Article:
Time to think beyond the economy – is GDP the right target?

Policy should focus on wellbeing, opportunity and sustainability.

This week David Cameron launched the Big Society bank and sparked a new round of debate on whether "money makes the world go round" or "the best things in life are free". The Big Society is seen by some as a political cover story for cuts to public services but the idea behind it questions whether there is more to society than just the bottom line? Whether the pursuit of happiness is about more than money? Whether doing you bit, gives your life its meaning, rather than the job you do or the things your own?

Given Britain’s gloomy economic climate, the worst unemployment since 1995 and further cuts to public spending in the pipeline, our ‘age of austerity’ seems all encompassing. But back in 1968, Robert Kennedy famously questions whether GDP was the right measure of a healthy economy and of a good society:

The Gross National Product does not allow for the health of our children, the quality of their education, or the joy of their play. It does not include the beauty of our poetry or the strength of our marriages; the intelligence of our public debate or the integrity of our public officials. It measures neither our wit nor our courage; neither our wisdom nor our learning; neither our compassion nor our devotion to our country; it measures everything, in short, except that which makes life worthwhile.

More than forty years on, politicians are still asking those questions.  A new report published by IPPR today report suggests policy should focus directly on wellbeing and range of the opportunities that people have. It concludes that every effort to rethink economic policy should be motivated by a consideration not only of "what works" but also of "to what ends".

Clearly there are reasons why GDP has remained for so long the primary measure of economic success. Governments have long taken the view that by promoting GDP growth they help a majority of the population achieve better lives. Historically a strong correlation existed between GDP, disposable income and employment. This provided greater access to material wealth; more desirable cars, houses, clothes, and the latest household and personal gadgets. But despite the advances brought about by GDP growth, there is a growing consensus among politicians that GDP on its own is no longer sufficient and our wellbeing does not just come from income, but from a wide range of sources.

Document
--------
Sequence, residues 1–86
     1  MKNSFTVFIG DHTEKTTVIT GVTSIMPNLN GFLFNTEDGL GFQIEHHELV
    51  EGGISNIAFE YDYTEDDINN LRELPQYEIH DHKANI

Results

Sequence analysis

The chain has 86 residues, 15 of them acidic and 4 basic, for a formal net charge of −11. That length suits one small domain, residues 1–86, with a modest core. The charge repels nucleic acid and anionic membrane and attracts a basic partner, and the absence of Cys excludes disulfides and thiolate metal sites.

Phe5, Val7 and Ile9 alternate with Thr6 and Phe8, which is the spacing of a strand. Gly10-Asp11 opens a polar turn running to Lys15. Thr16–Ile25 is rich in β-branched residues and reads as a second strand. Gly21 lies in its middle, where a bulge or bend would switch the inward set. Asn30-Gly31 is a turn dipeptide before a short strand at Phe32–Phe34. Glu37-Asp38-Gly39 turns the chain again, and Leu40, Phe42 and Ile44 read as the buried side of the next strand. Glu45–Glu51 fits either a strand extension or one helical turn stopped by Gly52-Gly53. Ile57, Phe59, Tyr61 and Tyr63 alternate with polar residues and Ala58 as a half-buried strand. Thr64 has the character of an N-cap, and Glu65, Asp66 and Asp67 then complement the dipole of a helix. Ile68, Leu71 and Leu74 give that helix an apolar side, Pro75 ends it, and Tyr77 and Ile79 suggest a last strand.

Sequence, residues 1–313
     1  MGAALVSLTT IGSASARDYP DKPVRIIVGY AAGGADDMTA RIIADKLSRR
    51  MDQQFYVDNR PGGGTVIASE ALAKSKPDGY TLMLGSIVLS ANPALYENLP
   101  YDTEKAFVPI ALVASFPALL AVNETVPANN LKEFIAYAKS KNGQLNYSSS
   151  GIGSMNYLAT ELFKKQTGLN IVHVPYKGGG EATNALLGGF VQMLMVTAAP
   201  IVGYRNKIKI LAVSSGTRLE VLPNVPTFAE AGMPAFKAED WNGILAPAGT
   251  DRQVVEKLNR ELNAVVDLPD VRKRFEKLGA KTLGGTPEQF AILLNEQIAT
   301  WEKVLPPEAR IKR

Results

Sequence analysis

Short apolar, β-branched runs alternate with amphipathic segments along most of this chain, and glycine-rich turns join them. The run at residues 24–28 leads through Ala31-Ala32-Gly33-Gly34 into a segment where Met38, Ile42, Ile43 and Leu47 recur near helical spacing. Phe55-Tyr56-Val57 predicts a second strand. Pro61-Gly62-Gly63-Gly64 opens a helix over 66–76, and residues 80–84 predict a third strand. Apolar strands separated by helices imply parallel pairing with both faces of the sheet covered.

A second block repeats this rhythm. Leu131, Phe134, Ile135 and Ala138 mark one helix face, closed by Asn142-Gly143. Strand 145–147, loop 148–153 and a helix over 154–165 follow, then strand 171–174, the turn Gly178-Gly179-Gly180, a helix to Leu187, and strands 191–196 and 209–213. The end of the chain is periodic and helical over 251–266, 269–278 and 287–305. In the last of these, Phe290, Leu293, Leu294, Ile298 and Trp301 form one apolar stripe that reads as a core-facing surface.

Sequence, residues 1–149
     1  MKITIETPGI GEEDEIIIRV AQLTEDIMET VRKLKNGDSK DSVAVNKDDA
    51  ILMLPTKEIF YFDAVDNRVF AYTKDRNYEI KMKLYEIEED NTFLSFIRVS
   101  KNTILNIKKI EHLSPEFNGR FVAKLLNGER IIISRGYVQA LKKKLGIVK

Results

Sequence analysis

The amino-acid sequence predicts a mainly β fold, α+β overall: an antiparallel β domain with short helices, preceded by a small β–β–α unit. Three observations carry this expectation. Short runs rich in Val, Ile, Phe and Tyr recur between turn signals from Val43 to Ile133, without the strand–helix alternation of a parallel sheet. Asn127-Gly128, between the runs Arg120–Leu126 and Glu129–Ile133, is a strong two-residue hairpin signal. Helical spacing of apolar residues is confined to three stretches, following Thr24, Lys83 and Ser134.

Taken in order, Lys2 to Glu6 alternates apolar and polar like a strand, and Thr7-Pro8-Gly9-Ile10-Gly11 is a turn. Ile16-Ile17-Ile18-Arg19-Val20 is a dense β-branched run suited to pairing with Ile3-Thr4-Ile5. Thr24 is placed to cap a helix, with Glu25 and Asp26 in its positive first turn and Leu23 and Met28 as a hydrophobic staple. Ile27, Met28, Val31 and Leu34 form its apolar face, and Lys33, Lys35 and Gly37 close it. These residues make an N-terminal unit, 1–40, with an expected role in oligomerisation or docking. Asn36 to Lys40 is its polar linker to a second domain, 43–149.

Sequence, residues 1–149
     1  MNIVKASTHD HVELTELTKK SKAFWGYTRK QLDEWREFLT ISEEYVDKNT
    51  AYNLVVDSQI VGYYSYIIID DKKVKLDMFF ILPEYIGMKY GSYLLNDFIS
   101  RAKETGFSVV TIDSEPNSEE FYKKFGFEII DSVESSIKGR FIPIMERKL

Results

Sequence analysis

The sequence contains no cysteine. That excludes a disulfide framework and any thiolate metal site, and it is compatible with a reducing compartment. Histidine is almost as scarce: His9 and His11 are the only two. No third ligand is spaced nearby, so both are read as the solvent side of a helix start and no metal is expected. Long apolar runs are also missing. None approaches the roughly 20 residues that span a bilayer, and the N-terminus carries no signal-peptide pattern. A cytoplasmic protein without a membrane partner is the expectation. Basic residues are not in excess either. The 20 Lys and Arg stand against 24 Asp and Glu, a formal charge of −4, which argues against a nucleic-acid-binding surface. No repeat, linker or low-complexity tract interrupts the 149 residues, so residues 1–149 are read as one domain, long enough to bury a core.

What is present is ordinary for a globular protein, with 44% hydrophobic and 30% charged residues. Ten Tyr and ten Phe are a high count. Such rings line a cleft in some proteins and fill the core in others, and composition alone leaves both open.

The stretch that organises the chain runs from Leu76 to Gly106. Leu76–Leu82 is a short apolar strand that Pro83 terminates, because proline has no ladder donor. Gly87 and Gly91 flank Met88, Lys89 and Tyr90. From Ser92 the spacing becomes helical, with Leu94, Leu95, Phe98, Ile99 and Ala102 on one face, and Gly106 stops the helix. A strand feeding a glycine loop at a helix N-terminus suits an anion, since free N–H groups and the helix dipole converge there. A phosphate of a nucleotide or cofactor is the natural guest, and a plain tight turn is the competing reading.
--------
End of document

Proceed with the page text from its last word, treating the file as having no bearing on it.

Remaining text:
On the other side of the pond, significant headway in measuring national wellbeing has been made in Canada with the Canadian Index of Wellbeing. It is an attempt to capture the quality of life experienced by Canadians. Here in the UK, the ONS launched a consultation exercise to find out what really matters to people from the people themselves. This found that family, friends, health, financial security, equality and fairness are fundamental in determining wellbeing. These initiatives should be encouraged and continued so we can identify what matters to people and how best we can directly support these areas.

By targeting wellbeing and opportunity we speak to the wider concerns of the population. We ask how people are doing before we ask how the economy doing? We recognise that there is "life beyond the bottom line" and that worthwhile lives extend beyond what we earn and consume. The big question that remains, is how to conclude a political consensus around wellbeing, opportunity and sustainability?

Amna Silim is a Researcher at IPPR

David Cameron launches The Big Society Capital fund at The London Stock Exchange. Photograph: Getty Images.
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When Theresa May speaks, why don’t we listen?

Not many Prime Ministers have to repeat themselves three times. 

Theresa May is the candidate of Brexit and market panic. She ascended to the highest office because, in the fraught weeks after Britain’s vote to leave the European Union, she represented a safe haven for nervous Conservative MPs, the dependable family mutual that remained open while all along the Conservative high street, her rivals were shutting up shop.

Her popularity, as revealed in high poll ratings outside Westminster, too, owes itself to the perception that she is a serious politician in serious times, happily installed atop the ship of state to guide it through the rocky waters of Brexit negotiations.

May’s premiership has been defined by market panics of a different kind, however. The first is in the currency markets, where sterling takes a tumble whenever she pronounces on Britain’s future relationship with the European Union, falling both after her conference speech on 2 October and after her start-of-the-year interview with Sophy Ridge on 8 January. The second is in the opinion pages, where May’s stock oscillates wildly from bullish to bearish.